“The Jewish Community of Greater Stowe”,
we are a community—first, foremost, and always.
We are a Beit Knesset, a house of gathering and belonging.
How do we deepen this mission?
How might we continue to create a sense
that each member’s purpose is intertwined
with the interests of others?
How could we address
the layers of isolation felt in rural Vermont,
that takes us away from our sense of purpose?
And how might our tradition and values empower us
to come closer together and to make a collective difference
in our greater community and world?
For community to find its purpose, each person—
whether you are new to JCOGS or a veteran member—
must find their own sense of self,
and then understand how their purpose
combines with the greater community.
From out of this spirit,
I wish to roll out a new initiative at JCOGS, tonight,
something that will take that sense of individual purpose,
and tap each of us into the collective spirit
to take what we have built
and help our roots grow stronger and our branches higher.
The initiative is called Homegrown Judaism.
Through Homegrown Judaism,
I propose three parts.
One, we get to know each other better
through one-to-one meet-ups, shared meals,
and community events—
all while creating a sense of shared purpose and connection.
Two, we co-create and lead services together,
and three, we increase the small acts of lovingkindness,
of chesed, for each other.
Much of this initiative is about enhancing and expanding upon
what we are doing already,
while some of it will be new.
And it will evolve as we co-create this community.
Perhaps you’ve been to a Homegrown Shabbat,
where I co-lead services with our members.
We have learned members at JCOGS,
we have poets, singers, artists, musicians, and sermon-givers
in our congregation.
I kvell when I see our members
bringing their natural talents to this congregation,
as they learn or teach a new Jewish skill,
finding a sense of communal purpose
that aligns with their own spiritual development.
We are building a cadre of members who feel empowered,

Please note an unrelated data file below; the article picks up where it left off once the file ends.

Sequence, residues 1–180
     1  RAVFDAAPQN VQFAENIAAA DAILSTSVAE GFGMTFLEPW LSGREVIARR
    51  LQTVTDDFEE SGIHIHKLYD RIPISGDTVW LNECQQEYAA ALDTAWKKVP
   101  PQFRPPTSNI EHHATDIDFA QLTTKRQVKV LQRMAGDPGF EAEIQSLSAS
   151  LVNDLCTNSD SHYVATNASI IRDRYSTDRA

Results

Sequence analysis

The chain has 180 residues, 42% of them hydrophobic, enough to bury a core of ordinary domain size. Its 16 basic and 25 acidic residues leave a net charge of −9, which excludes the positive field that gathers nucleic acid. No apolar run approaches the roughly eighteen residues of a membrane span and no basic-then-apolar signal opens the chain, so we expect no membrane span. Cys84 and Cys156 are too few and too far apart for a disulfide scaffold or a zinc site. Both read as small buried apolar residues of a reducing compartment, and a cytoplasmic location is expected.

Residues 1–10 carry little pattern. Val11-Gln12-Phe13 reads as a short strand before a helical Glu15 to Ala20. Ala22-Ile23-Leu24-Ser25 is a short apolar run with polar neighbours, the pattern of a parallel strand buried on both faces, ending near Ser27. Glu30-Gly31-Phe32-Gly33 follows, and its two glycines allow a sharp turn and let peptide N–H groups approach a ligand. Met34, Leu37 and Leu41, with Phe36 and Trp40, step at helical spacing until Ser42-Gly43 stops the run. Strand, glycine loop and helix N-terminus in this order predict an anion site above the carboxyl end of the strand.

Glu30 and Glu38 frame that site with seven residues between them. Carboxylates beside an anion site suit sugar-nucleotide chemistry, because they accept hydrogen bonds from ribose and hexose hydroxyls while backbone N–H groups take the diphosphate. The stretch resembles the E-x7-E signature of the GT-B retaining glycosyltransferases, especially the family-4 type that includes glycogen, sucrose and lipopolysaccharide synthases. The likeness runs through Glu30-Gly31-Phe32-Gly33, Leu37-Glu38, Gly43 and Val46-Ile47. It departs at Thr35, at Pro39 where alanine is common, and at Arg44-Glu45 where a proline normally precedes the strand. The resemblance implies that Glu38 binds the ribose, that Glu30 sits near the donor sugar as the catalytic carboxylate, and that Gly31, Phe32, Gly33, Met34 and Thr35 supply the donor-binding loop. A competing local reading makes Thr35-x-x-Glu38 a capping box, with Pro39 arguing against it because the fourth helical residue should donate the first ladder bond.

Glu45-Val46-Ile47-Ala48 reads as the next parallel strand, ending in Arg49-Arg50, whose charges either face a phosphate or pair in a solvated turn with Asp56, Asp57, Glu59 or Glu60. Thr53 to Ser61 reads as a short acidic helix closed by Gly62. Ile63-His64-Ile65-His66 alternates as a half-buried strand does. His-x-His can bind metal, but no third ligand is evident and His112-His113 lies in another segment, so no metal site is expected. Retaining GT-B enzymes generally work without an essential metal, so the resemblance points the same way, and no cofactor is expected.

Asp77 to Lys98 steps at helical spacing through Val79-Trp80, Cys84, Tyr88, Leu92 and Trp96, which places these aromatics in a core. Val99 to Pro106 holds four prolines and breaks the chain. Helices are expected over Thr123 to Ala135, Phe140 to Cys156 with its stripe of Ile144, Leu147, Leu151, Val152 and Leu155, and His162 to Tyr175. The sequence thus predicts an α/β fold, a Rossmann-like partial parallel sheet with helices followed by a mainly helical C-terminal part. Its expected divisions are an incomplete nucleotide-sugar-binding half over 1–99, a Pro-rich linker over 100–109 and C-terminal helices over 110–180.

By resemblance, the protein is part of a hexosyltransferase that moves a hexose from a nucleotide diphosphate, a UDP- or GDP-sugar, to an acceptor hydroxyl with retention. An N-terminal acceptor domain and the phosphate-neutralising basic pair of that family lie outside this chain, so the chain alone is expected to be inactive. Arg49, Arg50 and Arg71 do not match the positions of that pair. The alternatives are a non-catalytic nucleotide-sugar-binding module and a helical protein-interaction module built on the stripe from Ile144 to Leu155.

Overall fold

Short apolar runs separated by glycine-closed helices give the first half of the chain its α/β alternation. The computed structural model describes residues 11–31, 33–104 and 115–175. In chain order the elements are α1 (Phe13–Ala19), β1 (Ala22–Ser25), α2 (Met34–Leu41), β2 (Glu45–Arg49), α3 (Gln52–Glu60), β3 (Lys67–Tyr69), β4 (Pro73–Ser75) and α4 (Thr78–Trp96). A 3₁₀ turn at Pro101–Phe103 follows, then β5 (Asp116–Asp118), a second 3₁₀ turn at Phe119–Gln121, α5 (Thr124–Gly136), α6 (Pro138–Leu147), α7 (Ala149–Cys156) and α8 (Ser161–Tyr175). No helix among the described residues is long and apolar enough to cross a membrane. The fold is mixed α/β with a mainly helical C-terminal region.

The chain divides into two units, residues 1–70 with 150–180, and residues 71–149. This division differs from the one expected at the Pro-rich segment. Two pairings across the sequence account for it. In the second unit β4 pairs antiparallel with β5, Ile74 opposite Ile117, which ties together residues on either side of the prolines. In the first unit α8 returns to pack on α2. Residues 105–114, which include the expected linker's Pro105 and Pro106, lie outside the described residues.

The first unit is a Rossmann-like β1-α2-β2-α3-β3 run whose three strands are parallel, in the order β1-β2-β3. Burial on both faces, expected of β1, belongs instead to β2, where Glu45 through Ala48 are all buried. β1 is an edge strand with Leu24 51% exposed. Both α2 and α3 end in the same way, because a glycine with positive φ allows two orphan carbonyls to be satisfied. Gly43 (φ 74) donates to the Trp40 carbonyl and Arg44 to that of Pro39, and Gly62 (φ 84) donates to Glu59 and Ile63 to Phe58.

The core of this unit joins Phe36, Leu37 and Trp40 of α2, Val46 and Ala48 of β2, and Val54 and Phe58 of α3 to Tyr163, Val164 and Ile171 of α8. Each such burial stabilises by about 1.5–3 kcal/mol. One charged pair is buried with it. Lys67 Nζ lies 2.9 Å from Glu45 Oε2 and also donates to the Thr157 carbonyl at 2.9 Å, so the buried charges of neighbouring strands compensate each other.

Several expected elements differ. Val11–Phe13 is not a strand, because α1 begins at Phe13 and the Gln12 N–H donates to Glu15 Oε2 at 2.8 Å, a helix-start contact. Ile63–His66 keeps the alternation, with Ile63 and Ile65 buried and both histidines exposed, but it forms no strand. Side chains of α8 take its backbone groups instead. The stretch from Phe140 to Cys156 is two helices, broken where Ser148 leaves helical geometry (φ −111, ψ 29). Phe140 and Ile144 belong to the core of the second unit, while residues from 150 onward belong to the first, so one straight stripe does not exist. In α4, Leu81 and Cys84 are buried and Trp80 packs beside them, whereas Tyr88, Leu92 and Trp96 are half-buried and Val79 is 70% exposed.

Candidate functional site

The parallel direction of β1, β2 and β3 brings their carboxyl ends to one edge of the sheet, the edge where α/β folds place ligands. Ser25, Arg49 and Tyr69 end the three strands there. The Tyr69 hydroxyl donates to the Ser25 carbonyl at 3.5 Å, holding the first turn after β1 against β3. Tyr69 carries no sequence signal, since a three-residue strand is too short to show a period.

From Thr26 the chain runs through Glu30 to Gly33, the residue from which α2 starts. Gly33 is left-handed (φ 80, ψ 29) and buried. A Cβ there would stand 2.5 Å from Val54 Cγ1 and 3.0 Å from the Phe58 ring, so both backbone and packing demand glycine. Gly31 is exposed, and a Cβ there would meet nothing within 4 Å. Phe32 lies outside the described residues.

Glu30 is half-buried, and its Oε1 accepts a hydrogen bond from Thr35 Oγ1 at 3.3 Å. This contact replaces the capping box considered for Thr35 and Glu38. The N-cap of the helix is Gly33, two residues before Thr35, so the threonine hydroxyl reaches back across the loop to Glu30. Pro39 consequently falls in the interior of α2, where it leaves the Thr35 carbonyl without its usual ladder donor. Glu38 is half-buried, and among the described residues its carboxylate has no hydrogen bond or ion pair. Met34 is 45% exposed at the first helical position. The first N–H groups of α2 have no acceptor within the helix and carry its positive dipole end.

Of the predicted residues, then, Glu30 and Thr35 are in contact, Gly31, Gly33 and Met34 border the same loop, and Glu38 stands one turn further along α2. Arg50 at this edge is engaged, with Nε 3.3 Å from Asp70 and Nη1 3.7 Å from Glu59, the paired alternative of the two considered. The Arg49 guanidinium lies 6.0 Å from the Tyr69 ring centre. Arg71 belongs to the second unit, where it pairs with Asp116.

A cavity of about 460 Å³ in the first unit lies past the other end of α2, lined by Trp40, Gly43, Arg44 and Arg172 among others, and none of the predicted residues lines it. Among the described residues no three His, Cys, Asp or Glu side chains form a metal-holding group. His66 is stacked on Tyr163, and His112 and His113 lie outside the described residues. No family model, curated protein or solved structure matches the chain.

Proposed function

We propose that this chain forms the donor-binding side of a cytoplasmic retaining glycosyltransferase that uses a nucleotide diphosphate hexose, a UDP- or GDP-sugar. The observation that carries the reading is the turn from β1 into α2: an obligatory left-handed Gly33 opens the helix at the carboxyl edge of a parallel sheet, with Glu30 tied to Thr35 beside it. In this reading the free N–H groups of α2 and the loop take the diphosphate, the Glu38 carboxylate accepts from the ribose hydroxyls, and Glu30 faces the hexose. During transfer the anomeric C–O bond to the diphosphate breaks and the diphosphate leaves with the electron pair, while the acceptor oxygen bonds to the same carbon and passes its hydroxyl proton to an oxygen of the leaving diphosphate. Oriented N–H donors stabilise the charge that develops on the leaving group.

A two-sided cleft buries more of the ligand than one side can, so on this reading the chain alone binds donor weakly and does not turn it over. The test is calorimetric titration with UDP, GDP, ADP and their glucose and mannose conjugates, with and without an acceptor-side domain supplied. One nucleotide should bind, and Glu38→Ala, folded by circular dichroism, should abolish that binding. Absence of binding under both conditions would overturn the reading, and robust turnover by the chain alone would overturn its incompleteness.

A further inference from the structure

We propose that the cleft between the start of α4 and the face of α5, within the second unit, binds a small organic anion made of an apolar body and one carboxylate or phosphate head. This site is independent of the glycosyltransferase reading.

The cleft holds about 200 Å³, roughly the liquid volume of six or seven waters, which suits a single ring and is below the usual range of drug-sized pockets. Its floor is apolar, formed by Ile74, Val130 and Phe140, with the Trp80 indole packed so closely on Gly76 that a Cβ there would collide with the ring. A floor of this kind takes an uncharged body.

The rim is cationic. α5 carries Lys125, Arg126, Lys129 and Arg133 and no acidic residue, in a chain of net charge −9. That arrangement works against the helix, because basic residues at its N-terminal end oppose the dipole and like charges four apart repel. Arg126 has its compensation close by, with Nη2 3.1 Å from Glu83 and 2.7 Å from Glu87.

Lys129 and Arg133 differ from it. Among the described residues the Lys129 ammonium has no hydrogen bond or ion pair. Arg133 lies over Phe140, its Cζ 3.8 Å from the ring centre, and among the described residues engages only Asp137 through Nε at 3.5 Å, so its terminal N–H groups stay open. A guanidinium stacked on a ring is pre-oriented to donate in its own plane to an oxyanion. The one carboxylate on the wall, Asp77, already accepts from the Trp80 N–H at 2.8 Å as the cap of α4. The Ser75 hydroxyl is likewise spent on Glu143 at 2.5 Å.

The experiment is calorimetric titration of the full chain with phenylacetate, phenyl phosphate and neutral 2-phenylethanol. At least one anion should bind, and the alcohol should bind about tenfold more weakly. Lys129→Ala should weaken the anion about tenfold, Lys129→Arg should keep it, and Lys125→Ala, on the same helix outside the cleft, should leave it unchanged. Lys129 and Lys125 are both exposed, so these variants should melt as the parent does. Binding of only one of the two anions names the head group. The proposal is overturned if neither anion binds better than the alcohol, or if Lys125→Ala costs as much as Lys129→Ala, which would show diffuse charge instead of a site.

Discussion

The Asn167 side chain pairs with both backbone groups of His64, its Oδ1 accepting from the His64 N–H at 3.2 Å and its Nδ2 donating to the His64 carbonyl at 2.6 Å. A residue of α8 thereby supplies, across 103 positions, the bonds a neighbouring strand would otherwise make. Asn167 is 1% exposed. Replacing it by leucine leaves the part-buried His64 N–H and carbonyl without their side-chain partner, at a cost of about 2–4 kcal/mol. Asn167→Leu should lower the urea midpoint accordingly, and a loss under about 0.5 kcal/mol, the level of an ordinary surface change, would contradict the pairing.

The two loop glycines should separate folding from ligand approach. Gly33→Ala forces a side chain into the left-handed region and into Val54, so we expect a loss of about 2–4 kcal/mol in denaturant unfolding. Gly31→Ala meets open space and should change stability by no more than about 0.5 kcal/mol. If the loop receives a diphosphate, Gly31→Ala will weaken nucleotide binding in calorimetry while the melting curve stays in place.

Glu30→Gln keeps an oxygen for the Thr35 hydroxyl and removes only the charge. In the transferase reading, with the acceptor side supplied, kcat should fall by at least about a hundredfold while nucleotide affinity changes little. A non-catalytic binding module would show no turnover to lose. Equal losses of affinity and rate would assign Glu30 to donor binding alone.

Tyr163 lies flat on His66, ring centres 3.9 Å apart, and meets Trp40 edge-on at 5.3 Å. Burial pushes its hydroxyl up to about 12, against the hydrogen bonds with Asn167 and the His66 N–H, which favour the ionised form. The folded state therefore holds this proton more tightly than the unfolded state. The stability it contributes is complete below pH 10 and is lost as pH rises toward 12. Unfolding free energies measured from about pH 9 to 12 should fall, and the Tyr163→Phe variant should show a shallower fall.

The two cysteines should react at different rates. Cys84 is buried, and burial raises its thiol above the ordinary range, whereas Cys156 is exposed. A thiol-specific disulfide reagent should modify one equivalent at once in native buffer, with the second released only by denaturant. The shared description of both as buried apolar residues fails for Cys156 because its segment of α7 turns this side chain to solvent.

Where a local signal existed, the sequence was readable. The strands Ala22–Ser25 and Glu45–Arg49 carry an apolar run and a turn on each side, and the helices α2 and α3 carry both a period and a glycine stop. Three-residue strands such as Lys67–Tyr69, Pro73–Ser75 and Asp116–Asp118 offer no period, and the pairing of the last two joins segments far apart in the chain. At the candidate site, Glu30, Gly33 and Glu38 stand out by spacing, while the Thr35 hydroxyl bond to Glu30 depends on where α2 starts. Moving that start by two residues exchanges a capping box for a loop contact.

where their individual spirituality
infuses into our public prayer life.
Or if service-leading is not your thing,
come one, come all, you balebustes,
and show off your culinary expertise
for the potluck that follows
each monthly Homegrown Shabbat service.
In Vermont, it is so clear that
we each must engage in acts of giving
to sustain and build a vibrant centre of life.
Homegrown Judaism will activate
a collaborative relationship among our members,
drawing us closer together.
When members are in need,
others will naturally step in to care for them.
JCOGS will continue to live into its mission
where all feel a sense of belonging and connection.
And of course, there are so many ways
that members and friends currently give.
Take a moment and grab your program.
Have a look at the very last pages:
Homegrown Judaism: Co-creating community.
Have a look at a list of ways you can help.
Here are a few examples:
- Bring a meal to someone in need in our community
- Tag JCOGS on social media and share our posts
- Host or plan an après-ski
- Serve as a greeter and door monitor at Friday services
- Help setup or clean up at an upcoming Homegrown Shabbat potluck
- Have a coffee date/walk with a new JCOGS member (or even just give a call!)
- Jump in when you see help is needed.
- You can brainstorm your own idea of getting involved and speak to me, our President Emily, our Director of Family and Youth Education, Beth, any of our staff, or other community members about how to make it happen
- And even reading our emails and being present are ways you can help. Stay tuned for more about Homegrown Judaism.
Each of us is a small world with the potential for great impact
when we live lives of purpose.
We more than double that effort
when we bring that purpose into communal living.
This is not a show, not a performance.
The whole is greater than the sum of its parts.
We need to be there for each other.
We need to get to know each other better
and be more interconnected.
We need to continue to evolve as a community, together,
l’shmah—for the sake of the act of building community itself,
but also for the sake of our past, present, and future.
this coming year:
What do you need?
What do you want to do differently?
And what is your own sense of purpose?
What does the community need of us at this time
and what can each of us offer now and into the future?
In addition to this moment in history
marking the new year of 5780,
it also marks the 50th anniversary of the Beatles
seminal album, Abbey Road.
Far more than just performers,
the Beatles revolutionized connections among people.
I believe in the words of the Beatles from that album.
Would you sing with me?
“And in the end, the love you take
is equal to the love you make.”
Kein Yehi Ratzon.
May this be so in each of our lives as we pursue our purpose,
may it be so for our Jewish Community of Greater Stowe
as we connect our individual purpose to that of the collective,
and may the love made at least equal the love taken
across this great world.
Gmar chatima tova,
may we all be inscribed for a year of blessing and purpose.